Most women have heard of the “Baby Blues”—a reference to Post-Partum Depression (PPD). Researchers have determined that as many as 25% of moms may develop serious depression within the last trimester of their pregnancy or up to several months after giving birth.
Why does this happen? We know that during the last trimester there is a large push of DHA Omega-3 transferring from mom to the developing child. According to researchers, this may leave mom in a state of deficiency if she does not have adequate sources of Omega-3s in her daily diet. DHA is tied to dopamine and serotonin production in adults—so it can impact mood regulation. In developing babies, vital DHA supplies the building block material needed for healthy eyes and brain cells. It’s no wonder why Omega-3s are considered to be so important!
Moms-to-be should consume at least 200 mg of DHA Omega-3 daily (that’s about ½ serving of salmon), however, data shows that most pregnant moms in North America ingest only 50-70 mgs of DHA in their daily diet. This is potentially a real problem, for mom and baby! It’s easy to make sure you are getting enough Omega-3s daily. Fatty Acids 101: Both ALA (the parent Omega-3) and EPA have the potential to convert to DHA in your body---so, making sure you include Omega-3s daily, in any form, provides and “army of potential” for your good health.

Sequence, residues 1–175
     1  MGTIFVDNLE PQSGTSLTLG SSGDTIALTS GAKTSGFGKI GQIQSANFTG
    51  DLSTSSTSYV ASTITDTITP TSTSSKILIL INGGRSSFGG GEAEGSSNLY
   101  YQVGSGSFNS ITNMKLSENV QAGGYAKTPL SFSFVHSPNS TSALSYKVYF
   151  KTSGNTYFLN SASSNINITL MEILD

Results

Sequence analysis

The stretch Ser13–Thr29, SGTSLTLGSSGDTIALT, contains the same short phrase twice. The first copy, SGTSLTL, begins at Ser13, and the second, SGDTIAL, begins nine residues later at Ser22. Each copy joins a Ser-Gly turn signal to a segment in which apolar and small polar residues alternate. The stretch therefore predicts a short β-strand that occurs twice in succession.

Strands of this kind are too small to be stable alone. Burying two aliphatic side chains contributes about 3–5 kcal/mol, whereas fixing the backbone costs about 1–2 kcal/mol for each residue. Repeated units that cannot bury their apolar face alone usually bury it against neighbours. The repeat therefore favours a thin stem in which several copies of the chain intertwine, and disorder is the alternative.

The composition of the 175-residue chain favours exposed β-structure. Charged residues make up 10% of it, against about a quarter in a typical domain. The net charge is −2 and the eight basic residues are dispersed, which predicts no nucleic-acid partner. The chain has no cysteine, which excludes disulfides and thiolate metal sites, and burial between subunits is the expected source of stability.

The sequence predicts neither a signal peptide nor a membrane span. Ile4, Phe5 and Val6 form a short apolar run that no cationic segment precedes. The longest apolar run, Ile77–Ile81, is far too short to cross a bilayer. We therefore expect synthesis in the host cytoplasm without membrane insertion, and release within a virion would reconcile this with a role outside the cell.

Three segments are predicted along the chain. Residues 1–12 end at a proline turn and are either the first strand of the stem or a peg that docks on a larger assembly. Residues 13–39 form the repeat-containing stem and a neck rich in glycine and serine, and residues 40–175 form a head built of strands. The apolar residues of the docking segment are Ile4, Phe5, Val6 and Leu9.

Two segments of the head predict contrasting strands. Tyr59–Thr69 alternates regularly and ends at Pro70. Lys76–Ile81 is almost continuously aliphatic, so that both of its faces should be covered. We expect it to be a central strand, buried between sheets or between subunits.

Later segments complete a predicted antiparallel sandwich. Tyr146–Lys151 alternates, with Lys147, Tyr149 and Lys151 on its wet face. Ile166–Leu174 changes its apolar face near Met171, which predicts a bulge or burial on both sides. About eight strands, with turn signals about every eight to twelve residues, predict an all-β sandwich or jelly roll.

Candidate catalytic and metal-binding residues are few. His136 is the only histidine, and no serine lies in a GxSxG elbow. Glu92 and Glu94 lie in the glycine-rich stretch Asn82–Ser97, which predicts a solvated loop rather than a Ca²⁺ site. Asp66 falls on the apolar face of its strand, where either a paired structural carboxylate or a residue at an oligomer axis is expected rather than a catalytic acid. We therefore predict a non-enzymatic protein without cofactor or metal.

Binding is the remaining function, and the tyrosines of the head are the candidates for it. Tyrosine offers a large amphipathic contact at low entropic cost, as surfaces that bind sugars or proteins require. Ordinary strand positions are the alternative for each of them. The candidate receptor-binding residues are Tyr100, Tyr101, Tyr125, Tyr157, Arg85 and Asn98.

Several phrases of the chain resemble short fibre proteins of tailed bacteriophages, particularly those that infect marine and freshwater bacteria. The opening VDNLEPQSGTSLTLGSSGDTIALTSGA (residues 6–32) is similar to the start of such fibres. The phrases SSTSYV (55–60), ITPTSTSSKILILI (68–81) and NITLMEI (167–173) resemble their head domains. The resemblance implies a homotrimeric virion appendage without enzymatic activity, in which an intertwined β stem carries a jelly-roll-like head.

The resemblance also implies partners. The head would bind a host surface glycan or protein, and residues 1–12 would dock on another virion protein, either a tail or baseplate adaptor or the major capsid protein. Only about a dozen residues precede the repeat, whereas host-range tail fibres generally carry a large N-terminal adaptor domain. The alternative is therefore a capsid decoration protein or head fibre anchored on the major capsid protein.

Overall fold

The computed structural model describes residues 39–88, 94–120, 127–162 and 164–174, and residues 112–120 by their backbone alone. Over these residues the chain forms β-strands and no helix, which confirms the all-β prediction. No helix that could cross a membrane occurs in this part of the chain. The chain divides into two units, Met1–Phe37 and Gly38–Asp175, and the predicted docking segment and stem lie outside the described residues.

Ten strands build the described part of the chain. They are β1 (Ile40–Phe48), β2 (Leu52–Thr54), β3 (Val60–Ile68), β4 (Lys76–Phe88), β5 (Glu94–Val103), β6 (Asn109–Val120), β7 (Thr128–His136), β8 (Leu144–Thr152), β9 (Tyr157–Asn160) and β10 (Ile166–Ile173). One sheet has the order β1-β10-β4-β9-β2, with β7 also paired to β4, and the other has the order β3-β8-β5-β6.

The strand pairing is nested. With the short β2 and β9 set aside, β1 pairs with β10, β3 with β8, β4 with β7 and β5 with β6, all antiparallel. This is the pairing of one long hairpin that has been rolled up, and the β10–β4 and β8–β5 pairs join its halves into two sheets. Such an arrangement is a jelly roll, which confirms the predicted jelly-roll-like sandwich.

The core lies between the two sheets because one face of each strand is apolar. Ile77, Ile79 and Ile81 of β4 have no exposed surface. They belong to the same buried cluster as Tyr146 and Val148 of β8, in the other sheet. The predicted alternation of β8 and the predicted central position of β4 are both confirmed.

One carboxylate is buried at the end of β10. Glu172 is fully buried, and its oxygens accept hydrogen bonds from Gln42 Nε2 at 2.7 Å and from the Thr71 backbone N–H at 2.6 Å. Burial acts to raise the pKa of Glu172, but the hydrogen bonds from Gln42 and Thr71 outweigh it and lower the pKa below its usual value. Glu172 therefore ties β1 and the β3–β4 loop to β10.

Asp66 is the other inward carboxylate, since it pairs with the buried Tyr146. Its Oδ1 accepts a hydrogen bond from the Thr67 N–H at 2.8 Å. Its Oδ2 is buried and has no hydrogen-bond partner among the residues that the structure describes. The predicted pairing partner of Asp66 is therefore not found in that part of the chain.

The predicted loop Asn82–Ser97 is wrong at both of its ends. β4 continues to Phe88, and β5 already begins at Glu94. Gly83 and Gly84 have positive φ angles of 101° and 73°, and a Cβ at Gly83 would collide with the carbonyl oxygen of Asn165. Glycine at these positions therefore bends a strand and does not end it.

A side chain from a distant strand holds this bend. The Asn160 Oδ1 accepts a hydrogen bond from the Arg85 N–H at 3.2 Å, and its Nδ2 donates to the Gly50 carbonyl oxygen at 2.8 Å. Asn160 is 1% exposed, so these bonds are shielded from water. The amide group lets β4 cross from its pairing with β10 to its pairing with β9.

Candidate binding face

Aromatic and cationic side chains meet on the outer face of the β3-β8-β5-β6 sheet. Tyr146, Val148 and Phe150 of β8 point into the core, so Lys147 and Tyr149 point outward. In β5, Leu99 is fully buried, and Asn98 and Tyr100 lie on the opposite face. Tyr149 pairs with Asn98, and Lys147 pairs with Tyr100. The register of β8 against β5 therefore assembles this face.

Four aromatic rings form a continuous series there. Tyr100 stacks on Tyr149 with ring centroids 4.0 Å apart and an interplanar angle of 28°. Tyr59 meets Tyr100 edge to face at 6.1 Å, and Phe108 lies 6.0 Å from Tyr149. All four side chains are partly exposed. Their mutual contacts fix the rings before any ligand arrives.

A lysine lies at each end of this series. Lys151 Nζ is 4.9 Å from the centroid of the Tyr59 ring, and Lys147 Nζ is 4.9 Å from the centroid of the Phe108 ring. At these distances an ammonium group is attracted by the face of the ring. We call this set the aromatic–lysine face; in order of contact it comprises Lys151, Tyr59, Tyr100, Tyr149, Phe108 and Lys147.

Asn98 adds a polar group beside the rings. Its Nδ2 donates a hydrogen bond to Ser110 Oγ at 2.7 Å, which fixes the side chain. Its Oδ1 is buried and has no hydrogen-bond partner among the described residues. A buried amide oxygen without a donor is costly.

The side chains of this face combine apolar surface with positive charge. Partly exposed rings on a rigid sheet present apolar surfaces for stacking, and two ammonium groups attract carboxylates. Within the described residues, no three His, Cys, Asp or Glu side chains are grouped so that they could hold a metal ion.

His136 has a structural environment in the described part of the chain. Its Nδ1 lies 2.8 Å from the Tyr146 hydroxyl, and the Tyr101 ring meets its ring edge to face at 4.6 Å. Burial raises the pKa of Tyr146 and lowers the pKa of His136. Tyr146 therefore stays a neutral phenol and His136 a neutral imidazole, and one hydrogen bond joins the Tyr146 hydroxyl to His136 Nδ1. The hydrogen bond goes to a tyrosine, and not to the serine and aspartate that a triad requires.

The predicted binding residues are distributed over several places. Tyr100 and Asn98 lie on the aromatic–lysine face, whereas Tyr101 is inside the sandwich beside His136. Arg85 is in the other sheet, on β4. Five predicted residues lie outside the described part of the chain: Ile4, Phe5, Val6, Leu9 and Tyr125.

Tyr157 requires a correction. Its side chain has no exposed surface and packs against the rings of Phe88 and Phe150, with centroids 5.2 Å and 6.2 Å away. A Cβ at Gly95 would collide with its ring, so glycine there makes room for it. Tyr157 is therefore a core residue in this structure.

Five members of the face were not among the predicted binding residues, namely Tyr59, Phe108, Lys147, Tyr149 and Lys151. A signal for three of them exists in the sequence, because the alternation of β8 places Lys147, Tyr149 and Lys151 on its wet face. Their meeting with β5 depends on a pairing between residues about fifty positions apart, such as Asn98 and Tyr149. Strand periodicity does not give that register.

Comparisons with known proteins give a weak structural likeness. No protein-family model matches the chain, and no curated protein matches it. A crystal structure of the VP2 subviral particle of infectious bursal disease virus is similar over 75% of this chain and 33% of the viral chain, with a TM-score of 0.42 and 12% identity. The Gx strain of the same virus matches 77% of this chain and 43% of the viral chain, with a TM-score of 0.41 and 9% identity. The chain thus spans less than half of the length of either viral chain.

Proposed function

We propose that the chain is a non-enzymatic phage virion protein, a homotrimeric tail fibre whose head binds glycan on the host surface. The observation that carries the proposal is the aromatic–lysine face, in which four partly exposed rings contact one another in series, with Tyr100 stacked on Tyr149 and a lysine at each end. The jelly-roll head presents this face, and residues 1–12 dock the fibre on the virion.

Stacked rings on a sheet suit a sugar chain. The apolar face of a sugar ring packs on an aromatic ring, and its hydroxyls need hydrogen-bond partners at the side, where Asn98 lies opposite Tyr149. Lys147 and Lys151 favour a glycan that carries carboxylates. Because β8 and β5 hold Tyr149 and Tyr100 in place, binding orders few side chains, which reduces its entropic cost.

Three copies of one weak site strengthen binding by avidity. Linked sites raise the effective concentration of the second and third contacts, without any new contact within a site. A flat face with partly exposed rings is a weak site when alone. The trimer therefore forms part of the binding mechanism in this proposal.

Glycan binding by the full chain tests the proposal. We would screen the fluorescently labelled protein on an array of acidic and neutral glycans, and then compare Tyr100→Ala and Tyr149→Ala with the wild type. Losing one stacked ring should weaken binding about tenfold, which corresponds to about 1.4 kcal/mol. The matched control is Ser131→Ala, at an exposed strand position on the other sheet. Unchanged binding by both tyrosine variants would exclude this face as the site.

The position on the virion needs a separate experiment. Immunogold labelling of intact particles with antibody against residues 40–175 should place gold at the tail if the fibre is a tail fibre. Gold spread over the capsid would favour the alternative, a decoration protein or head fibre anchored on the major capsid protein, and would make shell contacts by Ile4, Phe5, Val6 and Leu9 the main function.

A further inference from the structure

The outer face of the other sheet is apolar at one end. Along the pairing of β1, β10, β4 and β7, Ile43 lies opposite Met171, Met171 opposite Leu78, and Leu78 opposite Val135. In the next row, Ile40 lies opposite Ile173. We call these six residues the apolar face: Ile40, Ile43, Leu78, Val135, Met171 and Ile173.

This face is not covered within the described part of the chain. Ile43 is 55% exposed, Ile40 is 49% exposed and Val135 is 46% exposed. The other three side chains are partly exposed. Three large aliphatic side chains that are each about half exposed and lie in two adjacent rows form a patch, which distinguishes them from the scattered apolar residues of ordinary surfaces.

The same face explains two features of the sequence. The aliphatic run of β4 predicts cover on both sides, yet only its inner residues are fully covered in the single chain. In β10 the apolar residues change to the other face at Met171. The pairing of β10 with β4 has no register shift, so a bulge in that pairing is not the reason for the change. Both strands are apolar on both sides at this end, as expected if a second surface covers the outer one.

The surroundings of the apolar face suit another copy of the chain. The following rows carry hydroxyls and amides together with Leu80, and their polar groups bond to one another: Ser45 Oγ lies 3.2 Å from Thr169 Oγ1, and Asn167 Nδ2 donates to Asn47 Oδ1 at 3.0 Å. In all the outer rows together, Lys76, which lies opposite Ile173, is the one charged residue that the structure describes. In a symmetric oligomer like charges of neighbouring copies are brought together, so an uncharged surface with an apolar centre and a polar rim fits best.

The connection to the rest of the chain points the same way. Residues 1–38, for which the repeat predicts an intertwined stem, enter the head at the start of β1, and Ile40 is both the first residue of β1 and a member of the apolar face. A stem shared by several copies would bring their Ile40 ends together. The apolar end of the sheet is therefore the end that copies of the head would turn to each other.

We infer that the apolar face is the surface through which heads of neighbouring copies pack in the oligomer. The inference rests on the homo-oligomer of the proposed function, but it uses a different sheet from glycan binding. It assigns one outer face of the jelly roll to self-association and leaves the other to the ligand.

So what should pregnant and new moms be sure to include in their diet? Add in Omega-3 foods like ground flax and chia seed. These are great used in recipes or added to a daily smoothie or yogurt—they both also provide dietary fiber, which is really important. Eat fresh fish such as salmon and cod as often as you can. Also supplement daily with a great quality Omega-3 supplement such as Barlean’s Omega Swirl Key Lime, Passion Pineapple or Citrus Sorbet, which are delicious, easy on the tummy, and provide Omega-3s that are highly absorbable and easily used by our bodies. Keep track of your Omega-3 intake during pregnancy and after your little one arrives!
Thankfully not every mom will not experience PPD, but pregnant and new moms should be aware that any symptoms of depression they might experience during this time should be discussed with their doctor, naturopath, midwife or other health care professional.
 Omega-3s may cut postpartum depression risk Medscape. Apr 28, 2011.
 Recommendation by the March of Dimes association.
 Experimental Biology 2011 Annual Meeting, abstract 349.7, presented April 12, 2011. Dr. Michelle Judge.